Connections for MEGA2560: GND= GND, VCC= +3.3V, CE= pin7, CSN= pin8, MISO= pin50, MOSI= pin51, SCK= pin52, IRQ= not used*/
#include <SPI.h>
#include <RF24.h>

int LDRvalue;

RF24 radio(9, 10); // CE, CSN
//pinMode(53,OUTPUT); //This line should be added when using a MEGA
byte addresses[][6] = {"0"}; //Identify the transmitting and receiving bit

struct package0
{int id=1; float temperature = 18.3; float humidity = 44.3; float DP = 15.0; char text0[100] = "2018-02-04 ";};
typedef struct package0 Package0;
Package0 data0;

struct package1
{int package1.LDR = LDRvalue; float hum = 99.9; float DP2 = 10.0; char text1[100] = "17-22-01";};
typedef struct package1 Package1;
Package1 data1;
//XXXXXXXXXXXXXXXXXXXXXXXXXXXXXXXXXXXXXXXXXXXXXXXXXXXXXXXXXXXXXXXXXXXXXXXXXXXXXXXXXXXXXXXXXXXXXXXXXXXXXXXXXXXXXX
void setup() {
  Serial.begin(9600); 
  radio.begin();  // Initiate the radio object
  radio.setChannel(124);  // 0 to 124, frequencies between 2.4 and 2.5 Ghz in chunks of 100 MHz. Use a channel unlikely to be used by Wifi, Microwave ovens etc 
  radio.setPALevel(RF24_PA_MIN);  // Set the transmit power to lowest available to prevent power supply related issues, can also be set to MAX  
  radio.setDataRate(RF24_2MBPS);  // Set the speed of the transmission to the quickest available, can be set to 250KB or 1MBPS to increase range  
  radio.openWritingPipe(addresses[0]);  // Open a writing and reading pipe on each radio, with opposite addresses
  radio.openReadingPipe(1, addresses[0]); 
}
//XXXXXXXXXXXXXXXXXXXXXXXXXXXXXXXXXXXXXXXXXXXXXXXXXXXXXXXXXXXXXXXXXXXXXXXXXXXXXXXXXXXXXXXXXXXXXXXXXXXXXXXXXXXXXX
void loop() {  
  LDRvalue = analogRead(A0);
  Serial.println(LDRvalue);
  radio.write( &data0, sizeof(data0));
  data0.id = data0.id + 1;
  radio.write( &data1, sizeof(data1));     
  delay(1000);
}
//XXXXXXXXXXXXXXXXXXXXXXXXXXXXXXXXXXXXXXXXXXXXXXXXXXXXXXXXXXXXXXXXXXXXXXXXXXXXXXXXXXXXXXXXXXXXXXXXXXXXXXXXXXXXXX
  int package1.LDR = LDRvalue;

Looks like you are trying to use the name of the struct within the struct that you are declaring. That is never going to end well

Try  int LDR = LDRvalue;in the struct declaration.

Later in the code you can then use

package1.LDR = someValue;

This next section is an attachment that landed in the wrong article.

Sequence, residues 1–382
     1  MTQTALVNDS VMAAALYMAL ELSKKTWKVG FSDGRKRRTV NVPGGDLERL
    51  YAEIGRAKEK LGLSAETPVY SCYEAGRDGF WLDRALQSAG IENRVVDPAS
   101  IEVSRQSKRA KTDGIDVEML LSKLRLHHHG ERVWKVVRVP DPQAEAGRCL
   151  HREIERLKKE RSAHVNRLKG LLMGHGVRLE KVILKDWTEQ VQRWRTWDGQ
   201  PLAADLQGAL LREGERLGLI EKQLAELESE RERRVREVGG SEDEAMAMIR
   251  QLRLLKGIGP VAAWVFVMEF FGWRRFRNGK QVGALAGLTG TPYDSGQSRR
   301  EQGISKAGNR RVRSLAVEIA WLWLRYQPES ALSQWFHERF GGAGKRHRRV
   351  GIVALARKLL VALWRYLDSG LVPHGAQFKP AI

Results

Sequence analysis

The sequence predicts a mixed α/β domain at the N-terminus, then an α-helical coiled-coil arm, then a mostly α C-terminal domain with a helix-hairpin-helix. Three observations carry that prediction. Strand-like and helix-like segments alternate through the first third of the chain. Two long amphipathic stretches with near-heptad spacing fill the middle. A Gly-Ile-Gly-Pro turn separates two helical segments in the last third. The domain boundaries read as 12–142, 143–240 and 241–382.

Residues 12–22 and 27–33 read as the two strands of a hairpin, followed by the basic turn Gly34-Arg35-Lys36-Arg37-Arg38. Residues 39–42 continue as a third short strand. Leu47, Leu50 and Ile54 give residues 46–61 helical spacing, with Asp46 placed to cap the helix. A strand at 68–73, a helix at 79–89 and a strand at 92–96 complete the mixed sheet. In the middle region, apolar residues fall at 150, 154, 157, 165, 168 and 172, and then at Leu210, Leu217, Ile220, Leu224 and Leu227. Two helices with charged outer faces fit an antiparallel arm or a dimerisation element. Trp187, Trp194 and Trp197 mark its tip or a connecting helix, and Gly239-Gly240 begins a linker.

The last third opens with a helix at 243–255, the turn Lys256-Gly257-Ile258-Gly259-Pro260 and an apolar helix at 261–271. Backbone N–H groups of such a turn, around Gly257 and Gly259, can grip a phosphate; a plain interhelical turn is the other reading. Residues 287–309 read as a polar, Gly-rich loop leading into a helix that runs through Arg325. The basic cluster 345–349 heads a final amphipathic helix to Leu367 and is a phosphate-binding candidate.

to change the value

As UKHeliBob already stated, that’s the way it’s done.

You Need to understand a bit more about structures.

The line: struct package0
{int id=1; float temperature = 18.3; float humidity = 44.3; float DP = 15.0; char text0[100] = "2018-02-04 "};

defines a structure named package0. The structure contains everything which is inside the braces {}. In your case, it contains an element named id which is of type int, an element named temperature which is of type float, etc.

The entire structure can be referred to using the structure Name, such as in send(package0);

Single elements within the structure are referred to as, for example, package0.temperature.

Really put over simply, think of the structure as a Family. The entire Family are the Johnsons. The individual elements of the Family are Johnson.Paul, Johnson.Sarah, Johnson.Bobby, etc.

Because the structure is usually only “declared” once. It is only useful to use the entire line "struct package0
{int id=1; float temperature = 18.3; float humidity = 44.3; float DP = 15.0; char text0[100] = "2018-02-04 “;};” once.

Though, as you have done, it is acceptable to initialize the individual elements at the time the structure is declared, it isn’t necessary and is in fact most often not done because you seldom would know, for example, the current temperature at the time you are writing the program. In other words, you could use this shorter Version to declare the structure and later assign values to the individual elements.

struct package0
{int id; float temperature; float humidity; float DP; char text0[100]};

Does that help understand structures a bit more?

Hi Jaba,

That makes a lot of sense! It's becoming clear now how this works. Currently I'm at work but will try it out tonight. The analogy with the Johnson family makes sense. Sometimes, us novices, need to have simple explanations to understand what's going on and this is definitly a step forward. I'll keep you in the loop! Have a great day!

Luc